Organized by Malana Rogers-Bursen, project coordinator for food security, environmental justice, and sustainability for the Robert F. Schumann Institute of the Bailey COE, Mobilizing Power brought together approximately 90 participants, including environmental justice leaders, high school youth organizers, and college students from Wesleyan and other universities, to discuss important issues related to environmental justice in Connecticut. The planning team for the event included community leaders from Sustainable CT, CT DEEP, Save the Sound and the Rockfall Foundation, as well as student leaders Dylan Campos ’24, Michael Minars ’25, Debbra Goh ’24, Hannah Phan ’25, Laine Gorman ’25, and Naysa Abraham ’26, who took clear leadership shaping the event and presenting throughout the day.
Every year, the COE awards fellowships to fund summer (and spring and fall) research opportunities for Wesleyan students across all majors and class years. Most recently, the COE awarded more than 40 fellowships to Wes students. Learn a little bit more about each, below! Applications for summer 2024, fall 2024 and spring 2025 Bailey COE fellowships will open in January 2024.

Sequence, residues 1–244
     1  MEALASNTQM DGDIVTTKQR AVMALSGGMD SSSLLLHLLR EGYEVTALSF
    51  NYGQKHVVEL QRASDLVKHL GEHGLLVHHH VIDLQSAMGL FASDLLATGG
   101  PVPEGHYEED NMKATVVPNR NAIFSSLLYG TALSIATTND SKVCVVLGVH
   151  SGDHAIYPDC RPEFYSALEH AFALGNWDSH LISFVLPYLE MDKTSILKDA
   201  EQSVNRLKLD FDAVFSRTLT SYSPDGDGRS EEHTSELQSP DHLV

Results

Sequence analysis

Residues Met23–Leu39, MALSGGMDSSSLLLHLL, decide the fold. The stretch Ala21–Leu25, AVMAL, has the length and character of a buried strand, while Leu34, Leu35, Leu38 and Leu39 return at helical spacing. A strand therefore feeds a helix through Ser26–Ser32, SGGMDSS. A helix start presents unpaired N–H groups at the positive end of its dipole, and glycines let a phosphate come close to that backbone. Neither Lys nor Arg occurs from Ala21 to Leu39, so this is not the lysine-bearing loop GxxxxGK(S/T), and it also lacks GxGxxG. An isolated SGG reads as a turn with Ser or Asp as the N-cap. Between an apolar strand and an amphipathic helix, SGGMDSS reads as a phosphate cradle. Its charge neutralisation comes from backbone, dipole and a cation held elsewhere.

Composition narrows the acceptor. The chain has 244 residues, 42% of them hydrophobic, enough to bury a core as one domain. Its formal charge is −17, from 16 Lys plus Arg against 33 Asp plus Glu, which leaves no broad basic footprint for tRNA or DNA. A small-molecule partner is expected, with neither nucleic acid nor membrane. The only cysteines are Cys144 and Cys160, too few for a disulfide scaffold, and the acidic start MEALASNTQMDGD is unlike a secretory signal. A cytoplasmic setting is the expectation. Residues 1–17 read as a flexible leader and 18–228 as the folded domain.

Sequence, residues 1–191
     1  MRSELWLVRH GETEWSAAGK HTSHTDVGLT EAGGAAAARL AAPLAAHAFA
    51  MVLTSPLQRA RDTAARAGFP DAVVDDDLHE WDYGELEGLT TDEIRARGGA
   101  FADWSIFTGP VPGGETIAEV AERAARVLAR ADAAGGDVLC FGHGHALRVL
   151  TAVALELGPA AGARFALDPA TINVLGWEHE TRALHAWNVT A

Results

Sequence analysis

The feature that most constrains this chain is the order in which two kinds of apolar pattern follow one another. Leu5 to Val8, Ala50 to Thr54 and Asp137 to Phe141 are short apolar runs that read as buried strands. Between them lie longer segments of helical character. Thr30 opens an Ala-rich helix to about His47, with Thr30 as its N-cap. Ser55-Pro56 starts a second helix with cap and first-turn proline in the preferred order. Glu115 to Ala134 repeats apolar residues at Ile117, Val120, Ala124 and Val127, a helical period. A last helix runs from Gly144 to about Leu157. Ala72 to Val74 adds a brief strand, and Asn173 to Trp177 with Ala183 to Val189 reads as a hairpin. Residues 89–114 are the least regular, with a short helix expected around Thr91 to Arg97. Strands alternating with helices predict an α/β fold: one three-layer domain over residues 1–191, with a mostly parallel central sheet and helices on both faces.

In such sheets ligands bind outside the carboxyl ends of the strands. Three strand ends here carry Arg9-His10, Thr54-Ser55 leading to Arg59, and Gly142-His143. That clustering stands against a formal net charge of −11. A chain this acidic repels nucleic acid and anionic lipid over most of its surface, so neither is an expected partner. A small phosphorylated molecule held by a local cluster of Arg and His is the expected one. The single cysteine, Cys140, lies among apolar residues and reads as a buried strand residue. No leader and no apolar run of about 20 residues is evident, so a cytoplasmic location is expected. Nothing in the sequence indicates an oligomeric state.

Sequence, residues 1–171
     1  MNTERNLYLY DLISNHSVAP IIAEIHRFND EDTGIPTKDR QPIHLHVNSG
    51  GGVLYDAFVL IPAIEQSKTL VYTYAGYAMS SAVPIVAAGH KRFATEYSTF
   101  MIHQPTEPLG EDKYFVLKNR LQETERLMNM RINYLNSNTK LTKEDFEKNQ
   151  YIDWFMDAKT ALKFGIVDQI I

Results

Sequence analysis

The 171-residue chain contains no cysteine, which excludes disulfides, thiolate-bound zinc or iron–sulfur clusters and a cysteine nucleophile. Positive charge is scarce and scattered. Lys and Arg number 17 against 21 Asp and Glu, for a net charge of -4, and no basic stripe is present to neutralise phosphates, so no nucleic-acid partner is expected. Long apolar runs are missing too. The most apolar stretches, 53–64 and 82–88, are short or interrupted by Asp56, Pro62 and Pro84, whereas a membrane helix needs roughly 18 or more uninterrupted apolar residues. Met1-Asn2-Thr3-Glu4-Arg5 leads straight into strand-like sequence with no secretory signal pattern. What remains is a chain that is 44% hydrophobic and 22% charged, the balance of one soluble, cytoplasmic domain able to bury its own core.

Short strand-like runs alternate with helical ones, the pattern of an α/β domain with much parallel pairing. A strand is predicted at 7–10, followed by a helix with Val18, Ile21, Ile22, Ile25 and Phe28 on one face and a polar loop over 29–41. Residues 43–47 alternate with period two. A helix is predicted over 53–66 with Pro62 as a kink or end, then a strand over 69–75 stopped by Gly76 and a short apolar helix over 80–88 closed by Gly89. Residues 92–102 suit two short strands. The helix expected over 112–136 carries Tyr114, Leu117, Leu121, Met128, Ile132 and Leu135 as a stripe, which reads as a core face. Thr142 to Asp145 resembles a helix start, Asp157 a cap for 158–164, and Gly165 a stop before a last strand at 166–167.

Arlo Weiner ‘24 is a history and Middle East studies major. For his thesis, he is creating a documentary about the 1947 Texas City Disaster in which 576 people were killed and more than 3,000 injured. With the assistance of a 2023 Bailey COE summer fellowship, he spent his summer in Texas City and Galveston, meeting with witnesses of the disaster and conducting historical research.
What led you to choose the Texas City Disaster as the subject for this documentary project? I picked this project because I was able to get in touch with a man named Carl Trepagnier, who wrote a fictionalized account of his experience of the disaster entitled Rise Up: A Novel about the 1947 Texas City Explosion. He offered to bring me to the town and offered to show me around and introduce me to other people who also lived through the disaster.